Adrenal Symptoms Leading To Disease Risks‘Adrenal fatigue’ is real, while not aptly named. We know that the symptoms involved can lead to some consequential disease risks for many. This could include:
- Chronic inflammatory states
- Immune abnormalities
- Bodyweight changes
- Chronic depression, anxiety, and mental health symptoms
Understanding Adrenal SlopesOne of the more dramatic examples of this entire idea of adrenal stress is known as the Whitehall II study. This was done on a group of British civil servants, between 2002 and 2006, with a large range of adults involved3. What the researchers were doing was tracking all the various health metrics, including their ‘cortisol slope.’ So, let’s start by expanding on this idea. When it comes to cortisol, we should make a lot of it in the morning and shut it off at night. If you plot those two lines together, you get a very clever slope (like a ski slope, from up to down). They have shown that the cortisol slope is independent of how much cortisol you have. So, it’s not just about whether you have enough, but if you have the right slope. This could mean you have normal amounts, but it’s the same all day, or if it is backward, or if it is always low. In this sense, it’s not bad because of the amounts, but because of the pattern of those amounts. Even the best amounts, when they don’t slope, can have a negative effect.
Breaking Down The StudyIn this previously mentioned study, they were checking a variety of health metrics, like:
- Blood pressure
- Blood pressure
- Smoking status
Cortisol Slope: 4 Distinct StatesWe start with an understanding of our cortisol slope, how important it is, and then we need to dig a bit deeper into the different ways it can reveal itself. Here is the breakdown:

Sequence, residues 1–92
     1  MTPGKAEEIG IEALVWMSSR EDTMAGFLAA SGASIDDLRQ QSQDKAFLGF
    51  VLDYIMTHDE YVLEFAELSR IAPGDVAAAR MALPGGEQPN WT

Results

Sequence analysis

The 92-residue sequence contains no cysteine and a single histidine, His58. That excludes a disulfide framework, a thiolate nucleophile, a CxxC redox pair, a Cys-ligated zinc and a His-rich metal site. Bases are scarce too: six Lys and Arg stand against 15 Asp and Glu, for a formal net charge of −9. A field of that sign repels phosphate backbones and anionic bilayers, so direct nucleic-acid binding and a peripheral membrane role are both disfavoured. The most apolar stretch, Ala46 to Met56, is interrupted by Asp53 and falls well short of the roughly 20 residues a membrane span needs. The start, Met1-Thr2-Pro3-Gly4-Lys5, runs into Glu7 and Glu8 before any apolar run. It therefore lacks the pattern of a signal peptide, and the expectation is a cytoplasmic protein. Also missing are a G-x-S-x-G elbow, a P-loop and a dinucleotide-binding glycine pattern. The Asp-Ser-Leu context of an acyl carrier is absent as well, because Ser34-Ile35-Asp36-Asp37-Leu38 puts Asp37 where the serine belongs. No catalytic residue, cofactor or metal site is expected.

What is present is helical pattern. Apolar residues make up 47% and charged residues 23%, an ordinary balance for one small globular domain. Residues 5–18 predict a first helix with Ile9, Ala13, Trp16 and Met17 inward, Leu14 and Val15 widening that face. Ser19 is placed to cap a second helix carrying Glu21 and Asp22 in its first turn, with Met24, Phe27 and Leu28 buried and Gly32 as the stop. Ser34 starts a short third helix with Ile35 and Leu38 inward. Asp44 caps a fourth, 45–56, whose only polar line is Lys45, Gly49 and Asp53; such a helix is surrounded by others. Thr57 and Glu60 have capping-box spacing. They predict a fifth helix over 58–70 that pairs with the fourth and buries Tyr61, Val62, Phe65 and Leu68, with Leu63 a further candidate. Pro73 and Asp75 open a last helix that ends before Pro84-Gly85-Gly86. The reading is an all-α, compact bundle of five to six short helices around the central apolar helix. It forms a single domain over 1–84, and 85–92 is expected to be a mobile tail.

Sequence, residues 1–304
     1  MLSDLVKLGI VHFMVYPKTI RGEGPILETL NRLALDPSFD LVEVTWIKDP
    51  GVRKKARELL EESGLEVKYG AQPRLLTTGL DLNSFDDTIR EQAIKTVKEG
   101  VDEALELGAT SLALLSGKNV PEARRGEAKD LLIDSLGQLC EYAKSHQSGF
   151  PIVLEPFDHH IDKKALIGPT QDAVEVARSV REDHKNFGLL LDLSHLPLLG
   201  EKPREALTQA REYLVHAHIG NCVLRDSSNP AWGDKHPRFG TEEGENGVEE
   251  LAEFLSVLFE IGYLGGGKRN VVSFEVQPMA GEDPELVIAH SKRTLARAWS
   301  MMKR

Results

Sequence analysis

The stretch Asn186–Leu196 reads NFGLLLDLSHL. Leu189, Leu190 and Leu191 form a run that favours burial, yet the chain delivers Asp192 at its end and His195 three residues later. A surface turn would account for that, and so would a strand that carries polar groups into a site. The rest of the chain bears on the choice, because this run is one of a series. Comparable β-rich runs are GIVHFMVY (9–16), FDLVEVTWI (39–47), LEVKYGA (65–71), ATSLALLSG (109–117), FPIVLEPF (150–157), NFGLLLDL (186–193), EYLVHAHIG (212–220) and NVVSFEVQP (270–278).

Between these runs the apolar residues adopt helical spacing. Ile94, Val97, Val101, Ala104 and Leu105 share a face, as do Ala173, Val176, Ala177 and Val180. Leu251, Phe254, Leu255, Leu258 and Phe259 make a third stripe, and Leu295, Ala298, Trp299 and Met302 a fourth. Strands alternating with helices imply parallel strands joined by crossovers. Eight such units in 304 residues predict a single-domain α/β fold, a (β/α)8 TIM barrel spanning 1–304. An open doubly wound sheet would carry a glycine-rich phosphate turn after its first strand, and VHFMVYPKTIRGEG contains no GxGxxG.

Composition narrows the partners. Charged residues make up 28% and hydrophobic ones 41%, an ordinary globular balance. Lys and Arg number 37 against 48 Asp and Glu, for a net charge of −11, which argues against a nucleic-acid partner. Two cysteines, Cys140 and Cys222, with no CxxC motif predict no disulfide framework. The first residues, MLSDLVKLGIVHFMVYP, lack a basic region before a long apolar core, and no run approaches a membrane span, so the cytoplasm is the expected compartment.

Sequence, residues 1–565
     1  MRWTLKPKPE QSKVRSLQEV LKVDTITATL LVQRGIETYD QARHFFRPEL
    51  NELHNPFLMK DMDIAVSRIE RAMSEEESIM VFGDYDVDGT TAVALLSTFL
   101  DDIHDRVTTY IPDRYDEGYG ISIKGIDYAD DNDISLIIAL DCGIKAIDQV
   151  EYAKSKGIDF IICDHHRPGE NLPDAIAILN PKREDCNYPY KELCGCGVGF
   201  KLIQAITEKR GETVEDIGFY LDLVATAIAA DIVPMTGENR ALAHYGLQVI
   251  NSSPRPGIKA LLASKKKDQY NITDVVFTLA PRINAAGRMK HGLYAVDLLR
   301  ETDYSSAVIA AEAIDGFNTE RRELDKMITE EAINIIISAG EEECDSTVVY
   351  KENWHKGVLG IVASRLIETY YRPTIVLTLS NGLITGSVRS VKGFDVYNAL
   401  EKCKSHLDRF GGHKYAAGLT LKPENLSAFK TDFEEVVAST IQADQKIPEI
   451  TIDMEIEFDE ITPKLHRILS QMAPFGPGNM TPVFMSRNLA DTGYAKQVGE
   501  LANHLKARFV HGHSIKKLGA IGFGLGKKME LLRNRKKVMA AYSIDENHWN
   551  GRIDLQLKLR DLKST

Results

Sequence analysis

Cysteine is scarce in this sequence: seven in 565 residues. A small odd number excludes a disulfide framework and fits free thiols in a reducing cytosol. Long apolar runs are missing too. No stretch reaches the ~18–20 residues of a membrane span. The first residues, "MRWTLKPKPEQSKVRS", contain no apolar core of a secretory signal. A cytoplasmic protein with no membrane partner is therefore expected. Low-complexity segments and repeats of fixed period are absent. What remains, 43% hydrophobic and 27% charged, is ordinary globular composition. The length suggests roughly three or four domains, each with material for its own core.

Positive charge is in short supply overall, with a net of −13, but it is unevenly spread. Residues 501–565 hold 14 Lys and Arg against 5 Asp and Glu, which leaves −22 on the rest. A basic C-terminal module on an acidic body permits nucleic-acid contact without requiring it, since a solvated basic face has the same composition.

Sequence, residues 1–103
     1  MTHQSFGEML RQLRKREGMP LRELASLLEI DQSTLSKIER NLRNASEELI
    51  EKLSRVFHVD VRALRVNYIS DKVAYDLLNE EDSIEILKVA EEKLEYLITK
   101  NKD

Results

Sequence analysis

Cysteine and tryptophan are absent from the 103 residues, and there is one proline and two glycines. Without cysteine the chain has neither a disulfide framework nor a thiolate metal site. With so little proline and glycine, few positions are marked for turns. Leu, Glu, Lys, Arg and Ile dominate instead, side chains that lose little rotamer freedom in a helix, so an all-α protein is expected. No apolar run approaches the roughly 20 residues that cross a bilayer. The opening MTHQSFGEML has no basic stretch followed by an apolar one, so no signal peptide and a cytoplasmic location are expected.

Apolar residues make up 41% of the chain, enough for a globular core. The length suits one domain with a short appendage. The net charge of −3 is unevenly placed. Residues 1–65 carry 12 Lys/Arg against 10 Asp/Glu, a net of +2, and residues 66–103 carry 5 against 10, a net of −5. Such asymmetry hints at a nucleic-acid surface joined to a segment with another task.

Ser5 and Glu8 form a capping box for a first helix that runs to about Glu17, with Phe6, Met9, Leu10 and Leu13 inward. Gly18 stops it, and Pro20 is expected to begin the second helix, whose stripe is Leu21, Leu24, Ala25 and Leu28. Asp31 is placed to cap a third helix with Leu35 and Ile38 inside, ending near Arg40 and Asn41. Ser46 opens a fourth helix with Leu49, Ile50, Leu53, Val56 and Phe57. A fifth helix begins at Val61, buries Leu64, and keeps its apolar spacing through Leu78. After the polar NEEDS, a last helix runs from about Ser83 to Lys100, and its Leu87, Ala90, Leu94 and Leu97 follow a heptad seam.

- Level 0: Thriving
- Level 1: Stressed
- Level 2: Wired & Tired
- Level 3: Crashed
This is when you have your cortisol high in the morning, low in the evening, and your cortisol slope is looking good. There is some normal range for fluctuation, but on the whole things are looking quite normal in this stage.
Here is where things like your chronic stress response begin to set in. Your slope is always a bit higher than it should be, and it is an indication that things are starting to go a bit awry and your body is ‘stressed’ as a result.
Wired & Tired
The easiest way to think about this stage is in the form of a backward slope. Your slope has become flipped: it’s lower in the morning, and higher at night.
This is where things are always low, and it’s less of a slope and more of a flat line. This is where things have effectively ‘crashed.’
How Does This Unfold?There have been some debates as to whether these things can unfold in a step-by-step fashion. Someone can have adrenal stress, and maybe they won’t start right away in stage one and move in a linear fashion. Maybe, instead, they will kick things off in stage three. So, the sequence is not set in stone, but the examples provided are all examples of poor cortisol slope and are proven predictors of pretty bad health consequences. And, they are also things that can be diagnosed in quite a straightforward fashion. But, how do we do that?